Governor Jerry Brown’s proposed 2017-18 state budget includes an expenditure plan for cap-and-trade auction proceeds, allocating more than $2 billion to a range of initiatives that reduce or sequester greenhouse gases. However, for the expenditure plan to move ahead, the governor’s budget first calls for a bolstering of the cap-and-trade program itself. Brown wants the legislature to confirm by a two-thirds vote that the agency in charge of the program — the California Air Resources Board — has the authority to administer the auctions beyond the year 2020. Extending cap-and-trade with supermajority approval would protect it from legal challenges, such as a current lawsuit from the California Chamber of Commerce claiming that the program imposes an unconstitutional tax on businesses.
The Third District Court of Appeal heard oral arguments in the lawsuit at the end of January, and has until late April to issue a verdict. However, both sides have affirmed they will take their case to the California Supreme Court in the event that they lose.
By raising doubts about cap-and-trade’s future, the lawsuit has likely had a chilling effect on the program’s quarterly auctions. The most recent one on February 22 garnered just $8 million, a sliver of the nearly $600 million that the state could have brought in by selling all available emissions allowances. The allowances — which are in essence permits to emit greenhouse gases — would seem to hold little value if cap-and-trade dissolves, so businesses have less incentive to purchase them until the program’s path forward becomes clearer.
Some environmentalists harbor their own skepticism about cap-and-trade, but for different reasons. These were on display at the nonprofit California Budget & Policy Center’s annual conference last Thursday during a workshop on climate change.
Panelist Parin Shah, a senior strategist for the Bay Area-based Asian Pacific Environmental Network (APEN), expressed concern that cap-and-trade’s auction system reduces nature down to a commodity.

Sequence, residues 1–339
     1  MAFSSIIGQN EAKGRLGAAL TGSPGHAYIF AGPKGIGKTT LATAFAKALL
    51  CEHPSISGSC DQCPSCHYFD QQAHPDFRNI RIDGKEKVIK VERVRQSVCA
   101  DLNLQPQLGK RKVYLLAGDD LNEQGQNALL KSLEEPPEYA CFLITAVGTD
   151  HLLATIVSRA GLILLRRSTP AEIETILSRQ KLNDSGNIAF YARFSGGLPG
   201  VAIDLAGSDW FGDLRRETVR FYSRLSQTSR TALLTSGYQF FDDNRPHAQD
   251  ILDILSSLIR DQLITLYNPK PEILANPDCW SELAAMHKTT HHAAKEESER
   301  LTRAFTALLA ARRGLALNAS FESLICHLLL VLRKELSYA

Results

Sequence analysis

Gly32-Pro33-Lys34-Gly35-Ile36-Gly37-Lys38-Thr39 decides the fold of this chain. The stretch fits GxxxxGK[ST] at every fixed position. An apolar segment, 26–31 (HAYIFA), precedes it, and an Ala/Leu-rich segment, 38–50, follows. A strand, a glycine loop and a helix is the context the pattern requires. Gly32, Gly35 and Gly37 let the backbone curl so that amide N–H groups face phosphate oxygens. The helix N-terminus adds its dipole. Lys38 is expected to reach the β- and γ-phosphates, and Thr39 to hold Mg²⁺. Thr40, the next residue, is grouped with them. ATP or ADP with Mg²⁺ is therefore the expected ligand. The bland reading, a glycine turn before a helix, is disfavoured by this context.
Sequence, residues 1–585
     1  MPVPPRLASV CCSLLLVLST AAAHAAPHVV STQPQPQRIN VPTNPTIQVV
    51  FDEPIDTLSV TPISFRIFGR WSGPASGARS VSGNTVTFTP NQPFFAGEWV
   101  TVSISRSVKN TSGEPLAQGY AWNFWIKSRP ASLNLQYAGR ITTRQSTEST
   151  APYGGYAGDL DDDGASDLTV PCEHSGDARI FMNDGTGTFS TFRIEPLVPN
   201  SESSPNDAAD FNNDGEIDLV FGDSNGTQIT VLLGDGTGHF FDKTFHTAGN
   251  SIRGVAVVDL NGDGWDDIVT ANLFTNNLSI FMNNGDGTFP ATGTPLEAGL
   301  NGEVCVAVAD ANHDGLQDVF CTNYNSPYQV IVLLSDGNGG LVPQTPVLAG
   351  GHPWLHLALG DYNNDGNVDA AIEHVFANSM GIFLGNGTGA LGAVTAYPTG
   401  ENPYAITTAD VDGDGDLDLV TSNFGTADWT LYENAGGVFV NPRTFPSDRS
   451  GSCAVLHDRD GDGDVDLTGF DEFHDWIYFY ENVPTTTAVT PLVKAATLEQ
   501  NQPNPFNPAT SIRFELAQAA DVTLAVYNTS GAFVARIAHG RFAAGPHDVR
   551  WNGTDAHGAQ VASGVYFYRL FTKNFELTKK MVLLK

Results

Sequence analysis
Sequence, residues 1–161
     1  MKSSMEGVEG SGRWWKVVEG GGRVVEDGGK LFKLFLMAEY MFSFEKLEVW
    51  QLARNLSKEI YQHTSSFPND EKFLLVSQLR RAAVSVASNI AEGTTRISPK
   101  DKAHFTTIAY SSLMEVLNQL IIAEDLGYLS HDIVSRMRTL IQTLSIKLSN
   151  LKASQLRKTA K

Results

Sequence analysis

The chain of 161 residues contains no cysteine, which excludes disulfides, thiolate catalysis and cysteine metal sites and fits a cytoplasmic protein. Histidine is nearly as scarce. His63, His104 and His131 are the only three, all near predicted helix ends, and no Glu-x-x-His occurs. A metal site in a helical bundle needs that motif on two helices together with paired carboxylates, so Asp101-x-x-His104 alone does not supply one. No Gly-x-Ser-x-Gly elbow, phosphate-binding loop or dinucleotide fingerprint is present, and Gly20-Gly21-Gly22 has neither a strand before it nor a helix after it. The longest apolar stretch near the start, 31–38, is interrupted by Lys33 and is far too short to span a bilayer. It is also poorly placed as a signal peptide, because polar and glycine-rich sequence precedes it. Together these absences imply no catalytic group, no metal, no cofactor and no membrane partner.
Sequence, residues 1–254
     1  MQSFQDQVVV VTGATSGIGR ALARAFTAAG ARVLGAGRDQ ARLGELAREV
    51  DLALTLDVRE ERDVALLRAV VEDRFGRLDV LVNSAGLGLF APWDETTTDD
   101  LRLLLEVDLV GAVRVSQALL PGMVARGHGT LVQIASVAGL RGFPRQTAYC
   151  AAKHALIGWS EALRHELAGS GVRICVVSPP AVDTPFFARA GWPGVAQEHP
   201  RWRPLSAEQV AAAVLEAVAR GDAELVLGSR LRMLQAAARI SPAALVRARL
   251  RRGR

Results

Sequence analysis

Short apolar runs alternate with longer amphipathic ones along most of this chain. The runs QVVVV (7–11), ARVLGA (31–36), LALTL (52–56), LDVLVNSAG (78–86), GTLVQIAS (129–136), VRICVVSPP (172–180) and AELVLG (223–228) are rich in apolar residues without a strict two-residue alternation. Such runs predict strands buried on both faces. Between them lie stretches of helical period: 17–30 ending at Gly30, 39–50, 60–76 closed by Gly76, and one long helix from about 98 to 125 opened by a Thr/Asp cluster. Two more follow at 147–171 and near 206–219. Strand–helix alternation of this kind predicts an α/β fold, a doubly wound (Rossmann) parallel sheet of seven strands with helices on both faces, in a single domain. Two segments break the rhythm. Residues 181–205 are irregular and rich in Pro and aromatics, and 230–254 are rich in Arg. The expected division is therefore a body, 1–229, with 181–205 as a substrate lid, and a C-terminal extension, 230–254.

“We are monetizing air,” he pointed out, encouraging the audience to “think about the moral implications of that.”
Morality aside, he contended that cap-and-trade is simply not that effective. He alluded to the relatively meager proceeds from the February auction, and argued that emissions-based taxation would generate a more stable revenue stream — that is, if policymakers must insist on pricing greenhouse gases. He offered several alternative examples which instead have been protecting the climate with regulatory mechanisms, such as through land use planning, vehicle emission standards, and requirements for investment in clean energy.
Shah went on to criticize cap-and-trade for failing to eliminate pollution hot spots, an idea elaborated upon by panelist Madeline Wander. The senior data analyst from the University of Southern California explained that many facilities which emit greenhouse gases simultaneously produce toxic co-pollutants such as particulate matter, imperiling the health of residents in nearby neighborhoods. Wander noted that these neighborhoods tend to house low-income people of color, who already suffer under numerous other disadvantages. She questioned cap-and-trade’s capacity to protect these vulnerable populations, citing her research team’s findings that many industry sectors have emitted a larger volume of localized greenhouse gases — and by correlation, more toxic co-pollutants — since the program took effect.
This uptick could have resulted from an improving economy (an interpretation voiced by one audience member), but the fact remains that industry facilities continue to threaten the health of California residents. And in an ironic twist, Wander revealed that many of cap-and-trade’s benefits occur out of state, through the program’s incorporation of offset projects. This means that, instead of purchasing emissions allowances, a business can comply with cap-and-trade requirements by investing in an offset project that reduces greenhouse gases — often involving forestry management, livestock biogas control, or the destruction of outmoded cooling equipment.
The Air Resources Board has sent no geographic restrictions on where these offset projects happen, and according to Wander, only 24 percent of them have been implemented in California.
She did provide a more favorable opinion about the way cap-and-trade revenue is being spent, noting 2012’s Senate Bill 535 (De León) requires certain percentages of that money go toward helping disadvantaged communities. The methodology for defining “disadvantaged” has been the subject of much debate, however, and Bay Area interests in particular have expressed dissatisfaction that funding criteria has shortchanged their region’s needs. These finer points may not matter very much, though, compared to the larger question of whether cap-and-trade can remain a viable program in the face of so many challenges. As the spring legislative season unfolds, stakeholders across the board will be watching and waiting for the answer.